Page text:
More event reviews, plus news of our webcast tomorrow

Saturday 17 March 2012

James on Day 3: Filmpoem Live, Lavinia Greenlaw and Chase Twichell, Split Screen Webcast Tomorrow

I'm getting tired of beginning my blog posts with a comment on how packed the audience of some event or other was. Perhaps I just have a fantastic instinct for choosing the best events to go to? Or perhaps there are simply a ridiculously large number of poetry heads in St Andrews this week?

In either case, please take is as read from now on that whatever events I talk about were sardine-stacked to the rafters.

Filmpoem Live

Alastair Cook's Filmpoems are an ongoing project pairing readings of great poems with filmic extensions. And what a roster of poets Cook has ensnared in his celluloid web! In this particualr live performance there were poems by Jane McKie, Jo Bell, Jennifer Lynn Williams, Kevin Cadwallender and Colin Will.

Each poet read their poem while Cook’s moving images screened behind them. Landscape-like music was provided live by Luca Nasciuti.

Conflicts between different contributor's conceptions of what the poem should be - the words, the images and the music all had complimentary but different things to say - were the most interesting part of these performances to me. At the beginning of the event I actually found it hard to take in the three different strands all at once. It is something of a trick to appreciate the overall film entity, like looking at a magic eye picture.

Jane McKie had some interesting things to say about the collaboration process in her introduction to Leper Window, St Mary the Virgin.

Listen to Janie’s introduction about the “serendipity of bring two forms together” here:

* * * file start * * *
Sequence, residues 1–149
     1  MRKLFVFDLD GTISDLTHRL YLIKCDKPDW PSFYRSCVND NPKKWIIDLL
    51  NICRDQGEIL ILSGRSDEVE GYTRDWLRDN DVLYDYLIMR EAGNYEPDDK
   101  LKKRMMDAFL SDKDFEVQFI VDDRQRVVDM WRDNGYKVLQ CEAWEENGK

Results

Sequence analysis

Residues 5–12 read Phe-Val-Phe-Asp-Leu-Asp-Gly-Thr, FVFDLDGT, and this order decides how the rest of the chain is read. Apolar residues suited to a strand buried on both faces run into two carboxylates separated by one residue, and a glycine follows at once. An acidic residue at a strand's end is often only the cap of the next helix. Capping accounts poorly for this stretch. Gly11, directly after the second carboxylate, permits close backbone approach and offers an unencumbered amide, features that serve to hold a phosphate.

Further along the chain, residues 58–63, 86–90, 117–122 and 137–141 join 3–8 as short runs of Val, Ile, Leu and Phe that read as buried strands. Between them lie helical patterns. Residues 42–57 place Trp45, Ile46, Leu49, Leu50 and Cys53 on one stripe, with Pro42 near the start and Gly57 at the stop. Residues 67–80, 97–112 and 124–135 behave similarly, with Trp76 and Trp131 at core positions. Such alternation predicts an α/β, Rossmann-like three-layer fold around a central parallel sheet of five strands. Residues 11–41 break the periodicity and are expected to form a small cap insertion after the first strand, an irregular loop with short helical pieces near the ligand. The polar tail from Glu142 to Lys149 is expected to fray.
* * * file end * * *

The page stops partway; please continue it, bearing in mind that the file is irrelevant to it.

And watch the film she’s talking about here:

You can see more of the filmpoems on

Poetry Centre Stage with Chase Twichell and Lavinia Greenlaw

Lavinia - who said she has an unexpected claim to fame in that the Essex Tourist Board has complained about her poetry - presented a set which included subjects such as Arctic personality disorder, silent discos and messenger gods.

Chase's reading was organised into pairs - two love poems, two environmental poems, two poems about drugs – not unlike the poet pairings StAnza uses for all of the Poetry Centre Stage series.

Chase has had sixteen years of Zen Buddhist teaching, but the first half of the reading avoided Zen topics. Shortly after “Sayonara, Marijuana, Mon Amor", however, Chase sharpened her Zen pencil with “How Zen Ruins Poets” and got down to some more Buddhist poetry in the second half.

I was particularly taken with this line, and I’ll leave you with it:

“Falling leaf, stop for a moment so I can write on you.”

Split Screen Webcast Tomorrow

“More webcasting?!” I hear you cry.

Well it’s true: due to the success of Saturday morning’s webcast of Poetry Breakfast, the Split Screen launch reading will be webcast live at 2.15pm on Sunday, which is tomorrow as I write. The new anthology by Red Squirrel Press brings the worlds of film/television and poetry together for what promises to be an interesting collision.

Find out more and watch the broadcast here on the Byre Theatre website. We'll tweet the link soon. 


As the homing pigeon of time grows tired of flirting with the other pigeons in Trafalgar Square and actually decided to fly home, so today’s blog post has come to an end.

Never fear! You can follow my Storify timeline of the pick of the pics, best links, tweets and boos surrounding StAnza here: join the StAnza conversation using #StAnza12.

I’m available for stalking atwww.james-t-harding.comand on Twitter @empowermint.